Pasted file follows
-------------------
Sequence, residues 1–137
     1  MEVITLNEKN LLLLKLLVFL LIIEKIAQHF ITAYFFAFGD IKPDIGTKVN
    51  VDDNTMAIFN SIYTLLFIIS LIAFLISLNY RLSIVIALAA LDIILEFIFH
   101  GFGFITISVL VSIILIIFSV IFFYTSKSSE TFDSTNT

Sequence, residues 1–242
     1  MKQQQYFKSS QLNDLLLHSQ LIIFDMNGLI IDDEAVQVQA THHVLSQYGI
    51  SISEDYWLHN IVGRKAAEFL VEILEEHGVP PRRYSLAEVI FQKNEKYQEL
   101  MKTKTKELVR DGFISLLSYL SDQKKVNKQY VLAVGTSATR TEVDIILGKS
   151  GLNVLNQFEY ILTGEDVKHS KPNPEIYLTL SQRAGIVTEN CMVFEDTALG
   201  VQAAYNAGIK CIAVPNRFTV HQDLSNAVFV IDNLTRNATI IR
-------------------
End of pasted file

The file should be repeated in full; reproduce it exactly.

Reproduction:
Sequence, residues 1–137
     1  MEVITLNEKN LLLLKLLVFL LIIEKIAQHF ITAYFFAFGD IKPDIGTKVN
    51  VDDNTMAIFN SIYTLLFIIS LIAFLISLNY RLSIVIALAA LDIILEFIFH
   101  GFGFITISVL VSIILIIFSV IFFYTSKSSE TFDSTNT

Sequence, residues 1–242
     1  MKQQQYFKSS QLNDLLLHSQ LIIFDMNGLI IDDEAVQVQA THHVLSQYGI
    51  SISEDYWLHN IVGRKAAEFL VEILEEHGVP PRRYSLAEVI FQKNEKYQEL
   101  MKTKTKELVR DGFISLLSYL SDQKKVNKQY VLAVGTSATR TEVDIILGKS
   151  GLNVLNQFEY ILTGEDVKHS KPNPEIYLTL SQRAGIVTEN CMVFEDTALG
   201  VQAAYNAGIK CIAVPNRFTV HQDLSNAVFV IDNLTRNATI IR